As a child of the 80's, I grew up playing a wide range of Super Mario games made by Nintendo. My all-time favorite will always be Super Mario World for the Super Nintendo. It was the game that introduced Yoshi, one of the most ingenious video game characters ever, and there were so many hidden levels and Easter eggs in that game that it seemed like a near endless adventure, but not an impossible one. Jeff Ryan's Super Mario: How Nintendo Conquered America, takes readers on the journey starting from before Nintendo even put out its first game. And while it was fun reliving the introduction of games and characters I haven't thought about in years, it was even more fun finding little tidbits of information that make the popularity of the little Italian hero even more remarkable.
Genre, Themes, History: This is a pretty straightforward nonfiction book about the history of what is arguably the world's greatest video game company. But it is also not so straightforward in that Ryan tells the story with humor and incredible insight that I feel like we wouldn't get if the story was told straight off. Every chapter is named after a different Mario game, there are many references included that aren't just about video games, and instead of being bored by facts and figures, I was intrigued by them and wanted to know more. In other words, Ryan made learning fun. Granted, the subject matter makes it easier to do. And a big theme throughout the novel involves both the Japanese culture and their way of doing business, since Nintendo is a Japanese company. And with Ryan starting his history with before Nintendo even existed as a brand, readers are able to fully understand just how much the video game industry owes to pioneering games like Pong and even older brands like Atari.
My Verdict: This is an incredibly fascinating book. If you ever played a Nintendo game, not even just Super Mario, with any sort of intensity, you will enjoy this book. Now, if you are just a child of the 80's like myself, and have only intensely played a handful of the Mario or Nintendo games Ryan mentions, but watched your older brother or cousins and their friends playing many more, then you will absolutely love this book. So, needless to say, if your allegiance to video games is at all stronger than that, then this book is for you. Like I said before, Ryan makes learning fun, and reliving a history that many of us were alive for can still be a suspenseful experience. Even when I knew what game was released next or what move Sony was about to make with the PS2, I was still anxious to turn the page and read the next chapter.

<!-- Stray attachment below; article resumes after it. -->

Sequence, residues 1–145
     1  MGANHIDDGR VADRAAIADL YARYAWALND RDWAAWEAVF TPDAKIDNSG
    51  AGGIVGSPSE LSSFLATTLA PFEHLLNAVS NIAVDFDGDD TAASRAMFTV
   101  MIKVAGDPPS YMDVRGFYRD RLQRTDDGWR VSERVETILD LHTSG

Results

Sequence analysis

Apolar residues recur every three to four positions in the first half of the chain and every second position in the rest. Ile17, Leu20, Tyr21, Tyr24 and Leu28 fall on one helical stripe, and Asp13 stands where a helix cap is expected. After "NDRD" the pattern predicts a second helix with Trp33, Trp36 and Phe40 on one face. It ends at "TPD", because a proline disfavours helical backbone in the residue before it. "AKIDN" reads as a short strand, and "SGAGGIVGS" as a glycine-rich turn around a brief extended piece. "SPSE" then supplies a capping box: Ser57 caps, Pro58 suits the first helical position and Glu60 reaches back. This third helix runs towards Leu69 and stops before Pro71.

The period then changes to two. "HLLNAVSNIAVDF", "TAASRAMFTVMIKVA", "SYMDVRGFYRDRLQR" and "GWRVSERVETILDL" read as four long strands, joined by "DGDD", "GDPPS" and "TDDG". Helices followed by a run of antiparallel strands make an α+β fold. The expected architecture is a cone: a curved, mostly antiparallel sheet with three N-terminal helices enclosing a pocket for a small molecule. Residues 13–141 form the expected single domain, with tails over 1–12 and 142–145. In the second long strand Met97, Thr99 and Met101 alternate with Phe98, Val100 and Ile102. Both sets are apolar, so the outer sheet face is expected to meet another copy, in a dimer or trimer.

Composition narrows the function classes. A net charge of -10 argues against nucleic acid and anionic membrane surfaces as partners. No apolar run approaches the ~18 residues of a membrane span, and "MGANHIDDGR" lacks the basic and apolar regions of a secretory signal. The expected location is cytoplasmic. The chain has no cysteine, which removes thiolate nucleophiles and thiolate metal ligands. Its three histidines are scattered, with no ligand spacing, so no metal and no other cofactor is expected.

Favorite Moment: When Nintendo changed the video game world with the Nintendo Wii.
Favorite Quote: "Since the late 1970's, Sega wasn't so much the Pepsi to Nintendo's Coke as it was the RC Cola. It had been Rosencrantzing and Guildensterning it's way around the gaming world for decades, always buffeted by the wake of others, rarely the one making waves." Ha! And completely true...
Recommended Reading: It only makes sense that I would recommend Ernest Cline's Ready Player One. This book reads like a video game and was just as fun and intense.